Striving to be viewed as fully American as well as good Jews, Jewish connections were expressed through philanthropy and communal work. Beginning most notably with Rebecca Gratz of Philadelphia in the 1820s, Jewish women took an increasingly prominent role in founding and perpetuating the institutions that grew out of this impulse. Gratz is best remembered as the initiator of America’s first “Hebrew School” and the main impetus behind the Female Hebrew Benevolent Society (1819), which served as the model for future Jewish women’s charitable organizations.

The massive immigration of East European Jews to the United States after 1880 also exerted significant influence on all aspects of life. As historian Jonathan Sarna aptly observes in American Judaism, beginning in the late 19th century, the American Jewish community experienced its own “Great Awakening:” “It was characterized by a return to religion, a heightened sense of Jewish peoplehood, new opportunities and responsibility for women, a renewed community-wide emphasis on education and culture, and a burst of organizational energy.”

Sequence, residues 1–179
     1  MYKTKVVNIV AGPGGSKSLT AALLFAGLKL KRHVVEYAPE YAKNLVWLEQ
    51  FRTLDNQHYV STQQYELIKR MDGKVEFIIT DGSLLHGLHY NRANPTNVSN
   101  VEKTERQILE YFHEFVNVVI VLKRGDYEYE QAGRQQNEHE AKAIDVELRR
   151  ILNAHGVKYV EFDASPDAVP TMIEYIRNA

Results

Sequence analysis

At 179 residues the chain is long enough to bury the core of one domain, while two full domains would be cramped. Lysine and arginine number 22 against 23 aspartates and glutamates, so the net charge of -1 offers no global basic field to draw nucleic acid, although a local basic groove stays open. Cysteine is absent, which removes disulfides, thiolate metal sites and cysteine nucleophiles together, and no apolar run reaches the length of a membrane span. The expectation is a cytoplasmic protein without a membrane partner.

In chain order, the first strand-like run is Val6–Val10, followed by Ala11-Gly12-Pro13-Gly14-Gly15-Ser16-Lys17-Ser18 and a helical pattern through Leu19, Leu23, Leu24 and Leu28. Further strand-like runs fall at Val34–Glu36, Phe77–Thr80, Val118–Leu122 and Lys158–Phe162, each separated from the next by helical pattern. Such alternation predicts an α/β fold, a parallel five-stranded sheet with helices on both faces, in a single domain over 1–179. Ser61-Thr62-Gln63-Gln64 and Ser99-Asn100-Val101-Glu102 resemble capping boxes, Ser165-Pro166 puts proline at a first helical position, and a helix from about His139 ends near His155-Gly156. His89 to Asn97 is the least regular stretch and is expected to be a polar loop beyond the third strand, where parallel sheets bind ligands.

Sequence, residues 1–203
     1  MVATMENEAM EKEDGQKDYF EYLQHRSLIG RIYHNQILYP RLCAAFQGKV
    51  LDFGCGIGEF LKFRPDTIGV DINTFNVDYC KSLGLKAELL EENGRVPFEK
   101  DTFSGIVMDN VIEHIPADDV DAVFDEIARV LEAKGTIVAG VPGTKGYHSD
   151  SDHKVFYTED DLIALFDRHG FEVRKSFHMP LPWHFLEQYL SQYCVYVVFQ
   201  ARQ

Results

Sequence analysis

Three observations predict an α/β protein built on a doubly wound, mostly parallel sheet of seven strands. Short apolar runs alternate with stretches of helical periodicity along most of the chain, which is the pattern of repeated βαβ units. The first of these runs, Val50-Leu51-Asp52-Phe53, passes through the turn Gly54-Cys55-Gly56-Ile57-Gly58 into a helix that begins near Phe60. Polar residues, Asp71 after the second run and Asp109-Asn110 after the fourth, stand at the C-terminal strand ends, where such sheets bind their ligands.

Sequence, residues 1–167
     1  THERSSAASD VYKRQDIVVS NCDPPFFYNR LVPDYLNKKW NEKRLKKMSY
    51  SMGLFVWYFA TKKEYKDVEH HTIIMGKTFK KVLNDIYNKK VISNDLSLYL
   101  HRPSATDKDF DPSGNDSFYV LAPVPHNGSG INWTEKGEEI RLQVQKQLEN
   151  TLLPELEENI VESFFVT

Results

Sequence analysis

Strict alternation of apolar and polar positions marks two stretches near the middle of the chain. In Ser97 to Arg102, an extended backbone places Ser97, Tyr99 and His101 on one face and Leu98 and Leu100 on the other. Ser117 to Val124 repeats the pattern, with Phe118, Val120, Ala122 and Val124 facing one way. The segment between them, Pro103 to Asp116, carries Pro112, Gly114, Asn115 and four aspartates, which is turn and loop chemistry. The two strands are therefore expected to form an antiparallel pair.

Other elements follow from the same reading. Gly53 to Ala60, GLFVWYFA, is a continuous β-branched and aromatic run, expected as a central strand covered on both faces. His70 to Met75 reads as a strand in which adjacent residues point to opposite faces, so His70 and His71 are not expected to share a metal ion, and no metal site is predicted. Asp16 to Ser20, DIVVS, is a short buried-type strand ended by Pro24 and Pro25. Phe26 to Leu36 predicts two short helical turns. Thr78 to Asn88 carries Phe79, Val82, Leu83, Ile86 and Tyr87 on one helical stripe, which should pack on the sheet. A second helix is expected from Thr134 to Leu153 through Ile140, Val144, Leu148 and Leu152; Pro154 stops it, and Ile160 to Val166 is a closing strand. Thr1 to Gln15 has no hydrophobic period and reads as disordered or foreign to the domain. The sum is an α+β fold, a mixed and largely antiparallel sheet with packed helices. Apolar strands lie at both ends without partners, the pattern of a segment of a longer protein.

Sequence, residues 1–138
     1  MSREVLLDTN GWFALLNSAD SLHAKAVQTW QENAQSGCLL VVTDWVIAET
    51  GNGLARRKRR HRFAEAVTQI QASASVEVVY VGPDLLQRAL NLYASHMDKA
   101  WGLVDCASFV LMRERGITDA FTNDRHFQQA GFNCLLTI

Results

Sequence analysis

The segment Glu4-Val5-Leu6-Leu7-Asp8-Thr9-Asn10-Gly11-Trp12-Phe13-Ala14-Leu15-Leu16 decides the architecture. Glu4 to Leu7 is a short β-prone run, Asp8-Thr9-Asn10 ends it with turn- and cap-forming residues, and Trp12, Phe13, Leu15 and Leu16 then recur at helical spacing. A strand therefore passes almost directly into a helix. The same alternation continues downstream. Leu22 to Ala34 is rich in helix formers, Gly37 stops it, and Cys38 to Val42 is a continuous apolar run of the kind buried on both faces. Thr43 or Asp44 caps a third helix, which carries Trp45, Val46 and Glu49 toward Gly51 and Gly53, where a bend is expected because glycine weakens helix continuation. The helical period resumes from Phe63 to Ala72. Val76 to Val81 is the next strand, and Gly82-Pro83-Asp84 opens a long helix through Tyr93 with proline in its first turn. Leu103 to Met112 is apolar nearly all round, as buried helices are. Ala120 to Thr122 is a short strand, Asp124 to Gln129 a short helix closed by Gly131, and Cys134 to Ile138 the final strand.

Many new Jewish educational undertakings were created during this period, including the creation of the Jewish Publication Society (1888), the Jewish Chautauqua Society (1893), which focused on adult education, and Gratz College, a Hebrew teachers’ college in Philadelphia (1893). Some of these Jewish renewal trends had been germinating for many decades, while others emerged as part of the modernization of America, largely through the influences of urbanization and industrialization.

The Rise of Denominations

By the turn of the century, the key emerging Jewish denominations had also established their own organizations and educational institutions as they vied for adherents. The professed goal of Isaac Mayer Wise, the architect of American Reform Judaism, was to reshape Judaism in a new American context. He played a pivotal role in the founding of the Union of American Hebrew Congregations (1873), Hebrew Union College (1875), and the Central Conference of American Rabbis (1899).